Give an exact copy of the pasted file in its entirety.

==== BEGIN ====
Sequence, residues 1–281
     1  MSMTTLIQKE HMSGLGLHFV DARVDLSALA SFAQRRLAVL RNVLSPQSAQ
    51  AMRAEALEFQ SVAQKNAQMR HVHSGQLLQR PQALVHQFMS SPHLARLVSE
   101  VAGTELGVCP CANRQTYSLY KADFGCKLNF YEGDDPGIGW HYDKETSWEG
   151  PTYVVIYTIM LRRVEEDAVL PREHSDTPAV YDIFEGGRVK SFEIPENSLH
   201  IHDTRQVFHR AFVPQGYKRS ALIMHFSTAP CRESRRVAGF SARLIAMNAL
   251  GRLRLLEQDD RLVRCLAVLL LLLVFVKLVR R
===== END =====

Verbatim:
Sequence, residues 1–281
     1  MSMTTLIQKE HMSGLGLHFV DARVDLSALA SFAQRRLAVL RNVLSPQSAQ
    51  AMRAEALEFQ SVAQKNAQMR HVHSGQLLQR PQALVHQFMS SPHLARLVSE
   101  VAGTELGVCP CANRQTYSLY KADFGCKLNF YEGDDPGIGW HYDKETSWEG
   151  PTYVVIYTIM LRRVEEDAVL PREHSDTPAV YDIFEGGRVK SFEIPENSLH
   201  IHDTRQVFHR AFVPQGYKRS ALIMHFSTAP CRESRRVAGF SARLIAMNAL
   251  GRLRLLEQDD RLVRCLAVLL LLLVFVKLVR R